3) (Now here’s where it’s cool) ask yourself what the next physical thing is that you can do to move that project further along. It could be anything. Ask wife where she’d like to get married, write a list of book ideas, open closet door…

It sounds ridiculously simple but one of the biggest problems people have is that they usually stop at step 1, they might go on to step 2, but the vast majority of people don’t ever think about step three. And that’s what makes life frustrating.

If you’re a bit of a pop culture dork, you’ll be glad to know that it’s not just dudes in suits that use GTD (yes, it has been reduced down). Joss Whedon is a big advocate of Getting Things Done (although he does admit that “reading the book, he did not get THAT done.”).

It took me 8 years to get my graphic memoir done. I don’t want to take 8 years to get the next graphic novel done. I’m focused on getting as much out of the time I’ve got during my Arts Council funded sabbatical as possible. Getting Things Done is helping with that massively.

A couple of footnotes:

1) I didn’t actually dive straight into GTD because I saw it in a book at work to help me sort out my time management. It was actually when I was reading a tutorial about the exceptional word processing app called Scrivener. Antony Johnson is a prolific British comics writer and his swears by a modified version of GTD to help him with his writing (I’ve linked to a great article he has called “Getting Things Written”.)

2) Part of making GTD work is the system you have backing it up. In the 80s, it would have been a Filofax. In the 90s, your Palm Pilot. Now, there are lots of great apps out there. Omnifocus is a big one. But my personal weapon of choice is Things. Simple elegant interface, integration across multiple devices and platforms. But you need a tool where you can capture the things that your are working on and the stuff you need to do to Get those Things Done.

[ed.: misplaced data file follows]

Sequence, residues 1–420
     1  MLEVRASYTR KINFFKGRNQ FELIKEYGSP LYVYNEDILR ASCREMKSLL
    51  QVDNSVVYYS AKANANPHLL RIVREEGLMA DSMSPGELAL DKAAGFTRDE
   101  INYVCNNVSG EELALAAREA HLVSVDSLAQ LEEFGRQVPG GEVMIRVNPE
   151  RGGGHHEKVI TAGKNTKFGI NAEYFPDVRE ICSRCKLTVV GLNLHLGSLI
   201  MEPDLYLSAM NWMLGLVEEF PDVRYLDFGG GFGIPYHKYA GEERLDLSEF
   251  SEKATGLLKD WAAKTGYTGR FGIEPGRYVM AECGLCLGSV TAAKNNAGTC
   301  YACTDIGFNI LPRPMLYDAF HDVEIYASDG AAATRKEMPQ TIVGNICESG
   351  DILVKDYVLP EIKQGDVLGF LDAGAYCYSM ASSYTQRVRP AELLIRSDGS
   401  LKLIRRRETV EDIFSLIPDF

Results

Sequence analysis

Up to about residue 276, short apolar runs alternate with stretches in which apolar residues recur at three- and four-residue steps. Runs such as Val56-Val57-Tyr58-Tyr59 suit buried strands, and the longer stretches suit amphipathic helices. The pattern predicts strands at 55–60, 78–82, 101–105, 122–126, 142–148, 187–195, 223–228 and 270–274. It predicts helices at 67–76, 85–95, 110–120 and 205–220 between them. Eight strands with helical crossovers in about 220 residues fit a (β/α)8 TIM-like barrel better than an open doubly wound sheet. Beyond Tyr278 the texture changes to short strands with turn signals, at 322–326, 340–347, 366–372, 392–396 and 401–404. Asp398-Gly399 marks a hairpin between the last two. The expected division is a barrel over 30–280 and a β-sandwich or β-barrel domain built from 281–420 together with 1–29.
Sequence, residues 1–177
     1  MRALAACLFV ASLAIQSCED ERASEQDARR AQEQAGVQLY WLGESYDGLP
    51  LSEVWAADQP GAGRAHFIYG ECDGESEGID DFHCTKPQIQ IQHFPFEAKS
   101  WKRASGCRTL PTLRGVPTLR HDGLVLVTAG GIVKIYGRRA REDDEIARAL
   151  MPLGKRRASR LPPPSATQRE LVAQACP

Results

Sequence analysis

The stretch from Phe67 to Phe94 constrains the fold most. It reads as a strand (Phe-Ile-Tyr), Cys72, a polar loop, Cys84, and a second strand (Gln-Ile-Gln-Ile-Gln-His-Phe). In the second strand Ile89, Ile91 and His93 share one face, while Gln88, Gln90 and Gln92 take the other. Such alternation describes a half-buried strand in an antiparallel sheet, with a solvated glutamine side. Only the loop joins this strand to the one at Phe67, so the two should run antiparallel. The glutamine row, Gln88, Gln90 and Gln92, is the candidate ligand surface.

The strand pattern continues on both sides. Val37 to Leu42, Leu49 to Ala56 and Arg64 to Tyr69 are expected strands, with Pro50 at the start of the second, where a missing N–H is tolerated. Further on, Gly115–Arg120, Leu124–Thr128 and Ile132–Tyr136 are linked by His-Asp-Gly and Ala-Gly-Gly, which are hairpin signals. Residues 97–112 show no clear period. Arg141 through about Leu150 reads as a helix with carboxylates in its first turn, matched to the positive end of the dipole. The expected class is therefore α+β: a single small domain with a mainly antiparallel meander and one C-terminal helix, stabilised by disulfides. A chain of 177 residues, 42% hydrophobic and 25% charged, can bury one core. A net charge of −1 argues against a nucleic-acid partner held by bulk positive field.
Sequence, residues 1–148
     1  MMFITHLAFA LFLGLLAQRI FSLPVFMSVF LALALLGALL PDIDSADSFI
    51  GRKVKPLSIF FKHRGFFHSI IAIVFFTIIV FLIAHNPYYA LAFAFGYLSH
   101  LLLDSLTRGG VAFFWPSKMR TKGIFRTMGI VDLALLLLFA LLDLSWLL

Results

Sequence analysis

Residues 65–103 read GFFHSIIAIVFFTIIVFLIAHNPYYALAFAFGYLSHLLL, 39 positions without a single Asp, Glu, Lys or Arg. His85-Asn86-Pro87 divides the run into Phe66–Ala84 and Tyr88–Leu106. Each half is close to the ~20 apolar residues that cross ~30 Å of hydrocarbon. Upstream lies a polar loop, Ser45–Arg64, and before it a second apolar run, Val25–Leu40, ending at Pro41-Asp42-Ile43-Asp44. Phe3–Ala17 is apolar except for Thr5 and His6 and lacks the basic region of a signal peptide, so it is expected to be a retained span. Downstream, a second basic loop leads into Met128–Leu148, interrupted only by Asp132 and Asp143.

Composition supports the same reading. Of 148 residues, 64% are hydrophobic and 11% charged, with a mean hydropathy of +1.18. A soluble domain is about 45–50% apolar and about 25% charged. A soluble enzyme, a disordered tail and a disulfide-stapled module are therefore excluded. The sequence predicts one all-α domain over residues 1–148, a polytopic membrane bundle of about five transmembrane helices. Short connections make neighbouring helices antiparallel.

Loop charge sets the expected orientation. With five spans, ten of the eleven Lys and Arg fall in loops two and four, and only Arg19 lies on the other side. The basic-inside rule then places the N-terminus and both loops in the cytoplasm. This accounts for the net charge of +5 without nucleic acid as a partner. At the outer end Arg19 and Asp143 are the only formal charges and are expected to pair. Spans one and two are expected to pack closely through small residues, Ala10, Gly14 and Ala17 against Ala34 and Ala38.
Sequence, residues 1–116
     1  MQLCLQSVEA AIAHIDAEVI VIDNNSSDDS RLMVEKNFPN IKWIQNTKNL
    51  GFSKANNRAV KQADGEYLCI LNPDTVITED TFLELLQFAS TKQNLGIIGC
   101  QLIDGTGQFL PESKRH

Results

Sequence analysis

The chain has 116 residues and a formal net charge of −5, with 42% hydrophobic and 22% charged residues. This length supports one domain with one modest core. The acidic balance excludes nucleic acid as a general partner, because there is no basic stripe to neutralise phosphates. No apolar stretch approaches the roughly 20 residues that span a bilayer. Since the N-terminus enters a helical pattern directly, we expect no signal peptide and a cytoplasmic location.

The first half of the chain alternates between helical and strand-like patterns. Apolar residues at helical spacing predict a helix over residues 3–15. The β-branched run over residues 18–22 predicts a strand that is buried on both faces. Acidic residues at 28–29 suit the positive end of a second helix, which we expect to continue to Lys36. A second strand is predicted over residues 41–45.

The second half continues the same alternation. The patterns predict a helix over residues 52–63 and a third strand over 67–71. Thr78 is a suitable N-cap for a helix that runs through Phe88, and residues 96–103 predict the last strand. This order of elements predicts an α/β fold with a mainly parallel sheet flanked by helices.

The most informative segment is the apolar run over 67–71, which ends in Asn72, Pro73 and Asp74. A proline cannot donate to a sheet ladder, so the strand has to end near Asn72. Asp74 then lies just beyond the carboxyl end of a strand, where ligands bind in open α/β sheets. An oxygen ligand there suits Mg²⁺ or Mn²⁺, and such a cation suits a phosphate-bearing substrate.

3) This whole focus also led me to the website of a bit of an internet guru named Merlin Mann and his 43 Folders Site. Someone who’s worked in and around technology for a while, he found that with the mushrooming of email in our lives, he could apply Allen’s GTD methodology to email. If you’ve got a few minutes, have a rummage round his site. There are some great things in there (including the hipster PDA if you’d rather not go digital). And if you have a half hour, have a look at this video of a talk he did for Google employees back in 2007. As a result of this and his inBox Zero campaign, I’ve been able to get my email inbox down to zero. My boss has since said that I am no longer THAT guy. What better compliment could one ask for.

In a future post, I’ll go into some more sexy theoretical stuff. But I started here because all the theory in the world isn’t worth a fart in a hurricane if you can’t get sh!t done!